On the actual Met Live in HD production itself, Lucia di Lammermoor was one of the more fascinating broadcasts of the season from a backstage point of view, Renée Fleming presenting and managing to get a wealth of behind-the-scenes information from the performers, from the Irish Wolfhound handlers and from backstage crew managers. The two intervals drew out a relatively swift moving opera to excessive lengths (there have been some criticisms of this in the press), but the sheer scale of the elaborate production was revealed in such fascinating detail that the audience at the cinema I attended sat glued to the screen watching the stage-hands manoeuvre it all into place. Along with the success of this particular performance, the clever promotion for the next production, Le Comte Ory, another star-studded bel canto opera, will ensure that the growing attendance at these broadcasts will all be back for more of the same in two weeks time.

TroyensHector Berlioz - Les Troyens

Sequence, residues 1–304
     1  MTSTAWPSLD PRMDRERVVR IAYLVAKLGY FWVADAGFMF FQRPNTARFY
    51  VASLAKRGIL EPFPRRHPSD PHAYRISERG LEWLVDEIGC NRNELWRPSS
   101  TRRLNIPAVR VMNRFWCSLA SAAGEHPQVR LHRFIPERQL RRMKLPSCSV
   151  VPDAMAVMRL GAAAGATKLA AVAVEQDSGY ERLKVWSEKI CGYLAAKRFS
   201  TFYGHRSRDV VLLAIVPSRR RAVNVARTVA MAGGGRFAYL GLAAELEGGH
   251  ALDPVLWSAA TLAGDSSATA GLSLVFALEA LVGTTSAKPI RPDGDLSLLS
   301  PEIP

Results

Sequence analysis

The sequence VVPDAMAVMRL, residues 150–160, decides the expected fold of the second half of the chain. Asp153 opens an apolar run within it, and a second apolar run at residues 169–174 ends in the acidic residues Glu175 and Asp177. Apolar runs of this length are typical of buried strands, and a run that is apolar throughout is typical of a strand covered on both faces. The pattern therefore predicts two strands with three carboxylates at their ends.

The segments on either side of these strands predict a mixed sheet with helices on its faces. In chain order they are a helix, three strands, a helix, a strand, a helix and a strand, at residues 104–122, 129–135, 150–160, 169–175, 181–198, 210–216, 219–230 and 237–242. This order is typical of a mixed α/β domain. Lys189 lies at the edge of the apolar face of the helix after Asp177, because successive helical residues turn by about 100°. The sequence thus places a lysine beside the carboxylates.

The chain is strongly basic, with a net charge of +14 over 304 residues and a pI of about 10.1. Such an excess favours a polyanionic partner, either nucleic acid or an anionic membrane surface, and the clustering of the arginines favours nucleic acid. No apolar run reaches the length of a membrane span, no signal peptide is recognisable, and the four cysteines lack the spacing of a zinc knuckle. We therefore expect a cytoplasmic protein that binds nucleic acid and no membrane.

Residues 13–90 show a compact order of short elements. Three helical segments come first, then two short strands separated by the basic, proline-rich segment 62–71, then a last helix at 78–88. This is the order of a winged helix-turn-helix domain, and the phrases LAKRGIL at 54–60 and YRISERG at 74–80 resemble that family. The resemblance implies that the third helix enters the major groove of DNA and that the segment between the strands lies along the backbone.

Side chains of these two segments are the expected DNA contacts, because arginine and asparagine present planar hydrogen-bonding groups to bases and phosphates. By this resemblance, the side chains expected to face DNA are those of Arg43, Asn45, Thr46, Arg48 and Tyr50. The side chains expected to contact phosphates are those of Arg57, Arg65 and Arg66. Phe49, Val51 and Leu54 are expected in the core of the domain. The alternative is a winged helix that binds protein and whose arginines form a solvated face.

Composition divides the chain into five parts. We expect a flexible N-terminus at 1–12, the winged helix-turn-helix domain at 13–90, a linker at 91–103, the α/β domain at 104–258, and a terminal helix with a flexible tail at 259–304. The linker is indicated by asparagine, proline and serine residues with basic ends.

Théâtre du Châtelet Paris, 2003 | John Eliot Gardiner, Yannis Kokkos, Peter Maniura, Anna Caterina Antonacci, Susan Graham, Ludovic Tézier, Laurent Naouri | Opus Arte

Presented across two dual-layer BD50 Blu-ray discs, Berlioz’s adaptation of Virgil’s The Aeneid is truly an epic undertaking, both in terms of the production and the opera itself. His penultimate opera, Les Troyens is considered to be the composer’s masterpiece, and indeed it brings together all the elements and the variety that is characteristic of Berlioz’s range, from darkness to light, from blood and thunder to tender lyricism, with rousing choruses, dramatic singing performances, musical interludes and dance sequences.

Despite that, the opera was never performed in full during the lifetime of the composer, the first two acts dealing with the fall of Troy to the Greeks despite Cassandra’s highly emotive premonitions of doom, excised in favour of the Trojans in Carthage section of Acts 3 to 5. There is certainly a strong division between the two parts, with many of the principal’s inevitably dying at the sacking of Troy at the end of Act 2, including Cassandra and her lover Choreobus (Hector already dead before the start of the opera nevertheless makes a highly effective appearance at the start of the Second Act in the form of a projected apparition), but it’s hard to imagine the opera feeling complete without the darkness and the powerful impact of the first half. Anna Caterina Antonacci, in particular, showing what the role of Cassandra has to offer the opera as a whole, a striking contrast to Susan Graham’s Dido, who dominates the second half, though no less effectively.